When heavyset comedians lose weight, do they become less funny? Last week, the National Enquirer reported that Jonah Hill—who you’ll remember from “Superbad” and “Get Him to the Greek”—is deliberately gaining all of the weight he’d lost because he believes audiences found him less funny when he was slender.
A so-called “insider close to [Hill]” told the Enquirer, “Jonah’s scared to death audiences will turn away from him if he gets thin… [He] worked very hard to slim down but began worrying that producers were beginning to think twice about hiring him.”
It’s the Enquirer, so you might want to take that with a grain of salt, but—true or not—it raises an interesting question. Is Jonah onto something? There is plenty of evidence to support the claim. It certainly seems that Chris Farley and John Belushi got a lot of comedic mileage out of their weight. Would either of them have been as funny if they were skinnier?
Farley and Belushi were known for a certain brand of physical humor. Consider the Saturday Night Live skit where Farley’s character, the motivational speaker Matt Foley, falls down and destroys the coffee table. Could Adam Sandler or Dana Carvey pull that off with the same results? I’m not suggesting that Farley would have lost his sense of humor if he’d lost 100 pounds; but I do believe that we’d have a lot less to laugh at.
American pop culture is full of examples—so many, in fact, it’s almost an archetype: the funny fat guy. Kevin James, Gabriel Iglesias, Drew Carey, Jack Black, Zach Galifianakis and Cedric the Entertainer are all modern-day examples, but the tradition goes back to the days of Oliver Hardy and Lou Costello, at least. One could convincingly argue that we’ve been our chuckles at the expense of chubby people since Shakespeare’s Falstaff.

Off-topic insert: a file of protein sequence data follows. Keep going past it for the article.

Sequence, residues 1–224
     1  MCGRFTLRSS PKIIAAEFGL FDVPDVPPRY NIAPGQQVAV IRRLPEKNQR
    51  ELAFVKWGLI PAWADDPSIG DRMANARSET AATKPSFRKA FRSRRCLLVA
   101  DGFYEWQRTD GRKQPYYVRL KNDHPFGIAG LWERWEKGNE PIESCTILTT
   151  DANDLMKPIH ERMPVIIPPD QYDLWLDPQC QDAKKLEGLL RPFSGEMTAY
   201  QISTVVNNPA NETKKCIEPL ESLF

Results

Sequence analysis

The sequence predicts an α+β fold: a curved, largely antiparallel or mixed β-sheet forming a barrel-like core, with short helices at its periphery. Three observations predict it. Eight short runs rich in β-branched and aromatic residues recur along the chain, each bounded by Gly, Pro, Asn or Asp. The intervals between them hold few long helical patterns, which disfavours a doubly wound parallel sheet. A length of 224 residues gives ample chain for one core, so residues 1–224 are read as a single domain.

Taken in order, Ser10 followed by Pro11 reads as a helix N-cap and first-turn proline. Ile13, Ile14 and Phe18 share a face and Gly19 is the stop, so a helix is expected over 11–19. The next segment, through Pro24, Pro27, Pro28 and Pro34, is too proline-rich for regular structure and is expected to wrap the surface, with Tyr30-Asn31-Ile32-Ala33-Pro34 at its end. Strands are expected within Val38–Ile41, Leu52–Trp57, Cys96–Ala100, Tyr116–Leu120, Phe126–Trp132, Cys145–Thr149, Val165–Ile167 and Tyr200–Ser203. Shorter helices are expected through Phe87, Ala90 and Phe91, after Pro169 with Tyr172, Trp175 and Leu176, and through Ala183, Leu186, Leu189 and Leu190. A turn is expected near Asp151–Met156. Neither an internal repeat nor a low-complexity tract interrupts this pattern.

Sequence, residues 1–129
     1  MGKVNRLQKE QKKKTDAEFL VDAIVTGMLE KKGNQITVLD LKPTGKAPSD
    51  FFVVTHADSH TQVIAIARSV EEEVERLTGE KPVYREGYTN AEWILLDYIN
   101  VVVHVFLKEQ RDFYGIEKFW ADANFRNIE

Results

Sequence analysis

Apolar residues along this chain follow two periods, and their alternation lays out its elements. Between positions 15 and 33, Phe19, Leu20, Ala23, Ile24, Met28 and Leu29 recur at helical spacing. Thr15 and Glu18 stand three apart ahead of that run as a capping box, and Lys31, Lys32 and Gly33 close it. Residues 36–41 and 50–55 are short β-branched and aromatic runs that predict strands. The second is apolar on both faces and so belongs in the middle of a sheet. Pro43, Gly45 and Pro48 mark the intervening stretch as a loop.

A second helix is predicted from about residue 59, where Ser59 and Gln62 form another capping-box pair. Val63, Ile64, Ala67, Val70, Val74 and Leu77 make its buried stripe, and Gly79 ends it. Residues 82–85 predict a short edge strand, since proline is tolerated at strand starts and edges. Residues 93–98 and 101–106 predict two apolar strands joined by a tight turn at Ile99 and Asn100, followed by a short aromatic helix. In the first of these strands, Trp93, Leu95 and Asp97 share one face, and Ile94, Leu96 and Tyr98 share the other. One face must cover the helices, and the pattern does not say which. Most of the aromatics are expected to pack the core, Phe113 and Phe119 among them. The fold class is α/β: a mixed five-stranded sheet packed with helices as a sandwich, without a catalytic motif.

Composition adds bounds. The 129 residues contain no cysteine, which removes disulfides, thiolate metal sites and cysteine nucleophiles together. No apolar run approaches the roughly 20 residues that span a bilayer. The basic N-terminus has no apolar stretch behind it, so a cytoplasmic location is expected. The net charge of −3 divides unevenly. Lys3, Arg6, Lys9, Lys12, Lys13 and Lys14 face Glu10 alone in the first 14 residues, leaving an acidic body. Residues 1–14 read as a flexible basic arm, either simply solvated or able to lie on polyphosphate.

In the world of comedy, being fat is useful because it plays into so many stereotypes that can be exploited for comedic appeal—laziness, gluttony, and clumsiness, to name a few. Often, fat people are portrayed as seeking approval, short on luck, and resentful of humanity. Rodney Dangerfield, while not morbidly obese, certainly played the overweight schlub for all it was worth.
If you need further proof that fat is funny, look at Homer Simpson and Peter Griffin. As cartoon characters, they could have been drawn skinny. They could lose weight any time it fits into their show’s narrative. But that’s not going to happen. Homer and Peter are written (and drawn) to fit the prototype, as is Hank Hill.
We also have a long history of pairing fat guys with skinny guys, which only serves to accentuate their girth. Some of the greatest comedy teams in the history of film have been cast from this mold. Earlier, I alluded to Laurel & Hardy and Abbott & Costello, who are among the best to ever grace the screen. Farley had David Spade, John Candy had Rick Moranis or Steve Martin. Even Penn & Teller, who aren’t truly comedians, play up their disparity in size for its comedic value.
So, if the report in the National Enquirer is to be believed, maybe Jonah Hill is onto something.
Because the “fat = funny” stereotype is so deeply instilled in us, we might genuinely find Hill funnier with a 44-inch waist.
Originally printed in “Pulse,” 06/14/12.
© Damien Willis, 2012. All rights reserved.